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Best jobs for masters in finance https://savewesternoh.org/best-jobs-for-masters-in-finance/ https://savewesternoh.org/best-jobs-for-masters-in-finance/#respond Tue, 21 Sep 2021 07:00:00 +0000 https://savewesternoh.org/best-jobs-for-masters-in-finance/ [ad_1] Enrolling in a Master of Finance can have a huge impact on your career. Half of global employers said they plan to hire MiF graduates in 2021, according to the latest Graduate Management Admission Council Survey of corporate recruiters. Master of Finance jobs available to graduates range from some of the highest paying finance […]]]>


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Enrolling in a Master of Finance can have a huge impact on your career. Half of global employers said they plan to hire MiF graduates in 2021, according to the latest Graduate Management Admission Council Survey of corporate recruiters.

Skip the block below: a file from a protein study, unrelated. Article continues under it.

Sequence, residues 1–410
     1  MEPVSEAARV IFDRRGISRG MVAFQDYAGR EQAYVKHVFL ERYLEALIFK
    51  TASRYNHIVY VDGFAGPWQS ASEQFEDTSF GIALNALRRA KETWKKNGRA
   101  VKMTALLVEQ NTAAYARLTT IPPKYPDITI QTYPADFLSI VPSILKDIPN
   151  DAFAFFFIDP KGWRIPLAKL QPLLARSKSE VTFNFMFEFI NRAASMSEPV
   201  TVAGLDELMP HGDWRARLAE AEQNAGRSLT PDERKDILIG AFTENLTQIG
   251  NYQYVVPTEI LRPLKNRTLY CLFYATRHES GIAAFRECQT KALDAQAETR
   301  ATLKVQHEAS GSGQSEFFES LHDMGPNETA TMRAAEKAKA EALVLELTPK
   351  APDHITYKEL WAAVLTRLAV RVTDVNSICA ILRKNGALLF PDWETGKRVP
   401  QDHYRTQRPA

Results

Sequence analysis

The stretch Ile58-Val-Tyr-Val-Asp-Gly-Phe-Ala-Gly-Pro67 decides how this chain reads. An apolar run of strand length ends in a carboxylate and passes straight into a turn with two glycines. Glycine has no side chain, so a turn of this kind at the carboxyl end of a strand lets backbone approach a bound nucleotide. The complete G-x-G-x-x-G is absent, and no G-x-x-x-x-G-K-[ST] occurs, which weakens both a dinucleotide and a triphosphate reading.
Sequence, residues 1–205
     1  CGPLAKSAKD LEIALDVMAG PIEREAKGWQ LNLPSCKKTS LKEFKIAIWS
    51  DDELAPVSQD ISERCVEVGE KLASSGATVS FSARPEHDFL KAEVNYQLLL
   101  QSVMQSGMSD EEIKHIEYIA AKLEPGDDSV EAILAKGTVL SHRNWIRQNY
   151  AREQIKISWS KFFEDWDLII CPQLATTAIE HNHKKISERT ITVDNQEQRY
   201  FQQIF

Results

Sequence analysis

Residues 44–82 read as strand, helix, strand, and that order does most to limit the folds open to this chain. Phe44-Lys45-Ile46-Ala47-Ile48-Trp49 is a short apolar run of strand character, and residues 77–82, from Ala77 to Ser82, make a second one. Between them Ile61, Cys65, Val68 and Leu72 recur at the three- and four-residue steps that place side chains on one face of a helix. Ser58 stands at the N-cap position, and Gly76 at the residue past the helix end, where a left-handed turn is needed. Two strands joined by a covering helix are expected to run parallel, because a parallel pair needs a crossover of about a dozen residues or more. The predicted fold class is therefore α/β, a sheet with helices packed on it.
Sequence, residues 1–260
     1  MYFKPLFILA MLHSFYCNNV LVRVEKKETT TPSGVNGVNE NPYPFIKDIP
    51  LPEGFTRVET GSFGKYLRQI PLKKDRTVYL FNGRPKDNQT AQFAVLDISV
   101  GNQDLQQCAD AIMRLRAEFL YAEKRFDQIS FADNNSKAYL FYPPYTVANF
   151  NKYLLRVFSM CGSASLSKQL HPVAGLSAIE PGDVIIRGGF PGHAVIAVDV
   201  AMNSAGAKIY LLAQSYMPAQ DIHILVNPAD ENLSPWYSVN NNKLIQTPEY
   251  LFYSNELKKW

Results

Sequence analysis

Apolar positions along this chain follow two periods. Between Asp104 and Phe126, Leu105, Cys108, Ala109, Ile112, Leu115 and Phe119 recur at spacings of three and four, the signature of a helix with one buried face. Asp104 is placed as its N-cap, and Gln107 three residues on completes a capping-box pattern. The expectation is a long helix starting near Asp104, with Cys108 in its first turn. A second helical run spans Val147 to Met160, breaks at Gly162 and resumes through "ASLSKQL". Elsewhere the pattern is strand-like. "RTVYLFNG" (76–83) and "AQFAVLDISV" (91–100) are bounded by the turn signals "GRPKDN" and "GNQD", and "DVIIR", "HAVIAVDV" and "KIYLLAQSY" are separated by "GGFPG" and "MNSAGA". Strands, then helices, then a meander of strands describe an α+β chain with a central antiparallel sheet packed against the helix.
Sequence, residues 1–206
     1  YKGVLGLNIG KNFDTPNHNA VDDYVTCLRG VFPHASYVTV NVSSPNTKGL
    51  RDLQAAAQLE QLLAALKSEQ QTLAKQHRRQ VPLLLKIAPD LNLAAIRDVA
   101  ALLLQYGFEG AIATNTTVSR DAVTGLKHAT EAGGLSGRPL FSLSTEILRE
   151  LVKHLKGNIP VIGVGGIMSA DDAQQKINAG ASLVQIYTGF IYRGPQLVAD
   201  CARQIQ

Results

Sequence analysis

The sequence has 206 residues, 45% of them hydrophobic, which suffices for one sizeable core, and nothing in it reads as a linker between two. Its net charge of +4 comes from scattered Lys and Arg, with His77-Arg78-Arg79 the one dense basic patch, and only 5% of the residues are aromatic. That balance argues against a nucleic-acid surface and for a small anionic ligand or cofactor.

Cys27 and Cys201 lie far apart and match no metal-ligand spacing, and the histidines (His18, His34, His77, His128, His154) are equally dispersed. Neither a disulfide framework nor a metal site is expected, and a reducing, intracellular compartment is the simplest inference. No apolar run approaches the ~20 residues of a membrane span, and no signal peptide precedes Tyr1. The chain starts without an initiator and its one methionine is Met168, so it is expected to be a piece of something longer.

Master of Finance jobs available to graduates range from some of the highest paying finance jobs to roles in a variety of industries, including popular sectors like consulting and technology.

So what are the best jobs for masters in finance and what companies will you hire after you graduate?


1. Investment banker

In investment banking, you are responsible for buying and selling different financial assets. If you can imagine yourself working at one of the best investment banks on Wall Street, then a Masters in Finance is a good place to start.

Investment banks regularly hire a large part of the MiF classes. At Tsinghua University’s School of Economics and Management, for example, 29% of MiF students work in investment banking. Since the average salaries of investment bankers in New York are $ 117,000, this is hardly surprising.